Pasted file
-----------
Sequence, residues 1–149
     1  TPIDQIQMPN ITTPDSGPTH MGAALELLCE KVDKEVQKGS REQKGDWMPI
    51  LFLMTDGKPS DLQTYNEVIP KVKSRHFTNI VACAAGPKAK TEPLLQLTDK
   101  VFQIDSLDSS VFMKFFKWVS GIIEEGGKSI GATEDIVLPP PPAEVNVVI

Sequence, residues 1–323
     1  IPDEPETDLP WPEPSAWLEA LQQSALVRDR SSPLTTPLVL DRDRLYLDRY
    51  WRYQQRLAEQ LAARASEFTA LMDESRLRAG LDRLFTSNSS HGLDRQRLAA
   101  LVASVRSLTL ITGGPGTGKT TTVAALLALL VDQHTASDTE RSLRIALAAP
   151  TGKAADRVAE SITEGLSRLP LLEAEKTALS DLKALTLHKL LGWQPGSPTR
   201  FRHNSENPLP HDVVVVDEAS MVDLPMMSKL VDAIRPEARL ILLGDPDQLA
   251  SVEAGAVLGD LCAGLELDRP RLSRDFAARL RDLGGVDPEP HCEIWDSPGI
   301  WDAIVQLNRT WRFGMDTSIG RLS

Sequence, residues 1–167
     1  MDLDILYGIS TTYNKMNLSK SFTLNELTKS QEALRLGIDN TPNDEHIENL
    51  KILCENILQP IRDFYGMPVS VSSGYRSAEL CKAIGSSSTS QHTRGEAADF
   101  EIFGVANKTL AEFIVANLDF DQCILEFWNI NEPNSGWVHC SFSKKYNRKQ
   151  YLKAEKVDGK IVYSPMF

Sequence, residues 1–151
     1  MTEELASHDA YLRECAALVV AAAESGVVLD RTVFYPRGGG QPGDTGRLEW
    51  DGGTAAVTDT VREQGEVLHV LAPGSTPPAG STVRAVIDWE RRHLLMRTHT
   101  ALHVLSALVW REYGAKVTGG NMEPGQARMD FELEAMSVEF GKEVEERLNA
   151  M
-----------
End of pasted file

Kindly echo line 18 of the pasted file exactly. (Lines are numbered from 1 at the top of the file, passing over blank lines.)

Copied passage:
Sequence, residues 1–151